More C++ Idioms/Copy-and-swap

Copy-and-swapEdit

IntentEdit

To create an exception safe implementation of overloaded assignment operator.

Also Known AsEdit

Create-Temporary-and-Swap

MotivationEdit

Exception safety is a very important corner stone of highly reliable C++ software that uses exceptions to indicate "exceptional" conditions. There are at least 3 types of exception safety levels: basic, strong, and no-throw. Basic exception safety should be offered always as it is usually cheap to implement. Guaranteeing strong exception safety may not be possible in all the cases. Create a temporary and swap idiom elegantly implements a strongly exception safe assignment operator.

Solution and Sample CodeEdit

Create a temporary and swap idiom acquires new resource before it forfeits its current resource. To acquire the new resource, it uses RAII idiom. If the acquisition of the new resource is successful, it exchanges the resources using the non-throwing swap idiom. Finally, the old resource is released as a side effect of using RAII in the first step.

class String
{
    char * str; 
  public:
    String & operator = (const String &s)
    {
      String temp (s); // Copy-constructor -- RAII
      temp.swap (*this); // Non-throwing swap
      return *this;
    }// Old resources released when destructor of temp is called.
 
    void swap (String &s) throw () // Also see the non-throwing swap idiom
    {
       std::swap(this->str, s.str);
    }
};

Some variations of the above implementation are also possible. A check for self assignment is not strictly necessary but can give some performance improvements in (rarely occurring) self-assignment cases.

class String
{
    char * str;
  public:
    String & operator = (const String &s)
    {
      if (this != &s)
        String(s).swap (*this); // Copy-constructor and non-throwing swap
      // Old resources are released with the destruction of the temporary above
      return *this;
    }
 
    void swap (String &s) throw () // Also see non-throwing swap idiom
    {
       std::swap(this->str, s.str);
    }
};

copy elision and copy-and-swap idiom

Strictly speaking, explicit creation of a temporary inside the assignment operator is not necessary. The parameter (right hand side) of the assignment operator can be passed-by-value to the function. The parameter itself serves as a temporary.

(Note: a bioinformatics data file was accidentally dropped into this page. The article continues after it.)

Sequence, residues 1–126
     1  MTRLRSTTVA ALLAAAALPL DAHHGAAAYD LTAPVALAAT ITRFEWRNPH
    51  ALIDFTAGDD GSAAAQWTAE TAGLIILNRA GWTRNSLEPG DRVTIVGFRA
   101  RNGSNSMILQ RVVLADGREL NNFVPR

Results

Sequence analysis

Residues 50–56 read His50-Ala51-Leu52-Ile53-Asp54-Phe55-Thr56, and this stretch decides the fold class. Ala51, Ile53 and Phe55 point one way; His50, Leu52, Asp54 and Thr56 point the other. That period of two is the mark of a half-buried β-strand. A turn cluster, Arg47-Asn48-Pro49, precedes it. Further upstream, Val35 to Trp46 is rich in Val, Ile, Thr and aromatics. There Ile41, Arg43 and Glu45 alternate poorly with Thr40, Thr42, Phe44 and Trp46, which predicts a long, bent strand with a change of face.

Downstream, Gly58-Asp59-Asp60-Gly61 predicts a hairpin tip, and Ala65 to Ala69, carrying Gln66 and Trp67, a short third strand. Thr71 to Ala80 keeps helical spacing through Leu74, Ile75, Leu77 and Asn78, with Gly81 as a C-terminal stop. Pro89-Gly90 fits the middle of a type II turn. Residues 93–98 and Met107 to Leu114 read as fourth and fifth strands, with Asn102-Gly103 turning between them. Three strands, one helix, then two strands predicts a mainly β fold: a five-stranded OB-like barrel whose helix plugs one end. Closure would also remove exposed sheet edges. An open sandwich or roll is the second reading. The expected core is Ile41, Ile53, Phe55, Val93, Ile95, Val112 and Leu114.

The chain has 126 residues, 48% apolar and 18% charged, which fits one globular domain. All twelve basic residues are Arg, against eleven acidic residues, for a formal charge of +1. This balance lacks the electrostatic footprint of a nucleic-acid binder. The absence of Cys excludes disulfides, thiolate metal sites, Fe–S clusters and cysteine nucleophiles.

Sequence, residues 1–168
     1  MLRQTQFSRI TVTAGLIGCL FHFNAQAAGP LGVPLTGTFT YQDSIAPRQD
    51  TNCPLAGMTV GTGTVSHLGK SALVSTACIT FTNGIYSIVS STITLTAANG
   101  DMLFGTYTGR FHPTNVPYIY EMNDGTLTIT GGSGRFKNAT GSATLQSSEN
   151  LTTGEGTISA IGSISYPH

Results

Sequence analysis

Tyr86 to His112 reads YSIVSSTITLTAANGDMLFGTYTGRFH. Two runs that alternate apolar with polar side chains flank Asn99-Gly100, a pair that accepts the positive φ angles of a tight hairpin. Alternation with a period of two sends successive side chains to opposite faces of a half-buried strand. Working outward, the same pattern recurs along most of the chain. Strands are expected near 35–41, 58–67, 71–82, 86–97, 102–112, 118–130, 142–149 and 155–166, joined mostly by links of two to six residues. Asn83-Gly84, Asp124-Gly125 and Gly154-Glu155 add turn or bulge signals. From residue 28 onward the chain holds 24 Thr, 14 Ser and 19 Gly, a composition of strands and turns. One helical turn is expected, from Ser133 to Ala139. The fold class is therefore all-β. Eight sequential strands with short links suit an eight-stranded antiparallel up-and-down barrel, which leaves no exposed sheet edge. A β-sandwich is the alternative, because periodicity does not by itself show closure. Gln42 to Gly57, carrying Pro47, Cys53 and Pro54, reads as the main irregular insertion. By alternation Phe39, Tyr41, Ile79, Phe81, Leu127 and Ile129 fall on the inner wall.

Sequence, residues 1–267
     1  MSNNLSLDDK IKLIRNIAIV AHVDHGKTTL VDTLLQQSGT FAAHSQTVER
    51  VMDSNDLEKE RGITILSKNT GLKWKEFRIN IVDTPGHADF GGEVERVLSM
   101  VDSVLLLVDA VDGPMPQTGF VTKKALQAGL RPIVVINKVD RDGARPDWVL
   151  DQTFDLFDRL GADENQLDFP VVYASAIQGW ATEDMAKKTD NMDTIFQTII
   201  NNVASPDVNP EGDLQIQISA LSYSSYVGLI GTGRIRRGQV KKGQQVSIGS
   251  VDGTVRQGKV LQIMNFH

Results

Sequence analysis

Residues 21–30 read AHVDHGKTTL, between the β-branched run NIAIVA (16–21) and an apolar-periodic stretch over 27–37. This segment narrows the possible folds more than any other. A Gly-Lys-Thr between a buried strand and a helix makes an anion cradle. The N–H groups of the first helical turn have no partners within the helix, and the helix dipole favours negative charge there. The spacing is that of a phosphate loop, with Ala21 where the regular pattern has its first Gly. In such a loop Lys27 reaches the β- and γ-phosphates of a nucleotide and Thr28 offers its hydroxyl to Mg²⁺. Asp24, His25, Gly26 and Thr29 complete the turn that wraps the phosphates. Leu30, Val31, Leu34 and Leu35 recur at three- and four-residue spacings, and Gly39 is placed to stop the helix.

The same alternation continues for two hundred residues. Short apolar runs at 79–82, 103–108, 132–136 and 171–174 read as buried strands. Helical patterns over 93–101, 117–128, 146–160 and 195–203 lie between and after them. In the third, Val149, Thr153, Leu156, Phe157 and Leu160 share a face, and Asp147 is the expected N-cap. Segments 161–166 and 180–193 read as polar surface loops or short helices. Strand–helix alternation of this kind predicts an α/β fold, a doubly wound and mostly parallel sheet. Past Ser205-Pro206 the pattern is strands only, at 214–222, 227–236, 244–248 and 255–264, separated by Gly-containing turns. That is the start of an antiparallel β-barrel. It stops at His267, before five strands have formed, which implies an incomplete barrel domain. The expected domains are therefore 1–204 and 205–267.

String & operator = (String s) // the pass-by-value parameter serves as a temporary
{
   s.swap (*this); // Non-throwing swap
   return *this;
}// Old resources released when destructor of s is called.

This is not just a matter of convenience but in fact an optimization. If the parameter (s) binds to an lvalue (another non-const object), a copy of the object is made automatically while creating the parameter (s). However, when s binds to an rvalue (temporary object, literal), the copy is typically elided, which saves a call to a copy constructor and a destructor. In the earlier version of the assignment operator where the parameter is accepted as const reference, copy elision does not happen when the reference binds to an rvalue. This results in an additional object being created and destroyed.

In C++11, such an assignment operator is known as a unifying assignment operator because it eliminates the need to write two different assignment operators: copy-assignment and move-assignment. As long as a class has a move-constructor, a C++11 compiler will always use it to optimize creation of a copy from another temporary (rvalue). Copy-elision is a comparable optimization in non-C++11 compilers to achieve the same effect.

String createString(); // a function that returns a String object.
String s;
s = createString(); 
// right hand side is a rvalue. Pass-by-value style assignment operator 
// could be more efficient than pass-by-const-reference style assignment 
// operator.

Not every class benefits from this style of assignment operator. Consider a String assignment operator, which releases old memory and allocates new memory only if the existing memory is insufficient to hold a copy of the right hand side String object. To implement this optimization, one would have to write a custom assignment operator. Since a new String copy would nullify the memory allocation optimization, this custom assignment operator would have to avoid copying its argument to any temporary Strings, and in particular would need to accept its parameter by const reference.

Known UsesEdit

Related IdiomsEdit

ReferencesEdit

Last modified on 29 November 2013, at 16:37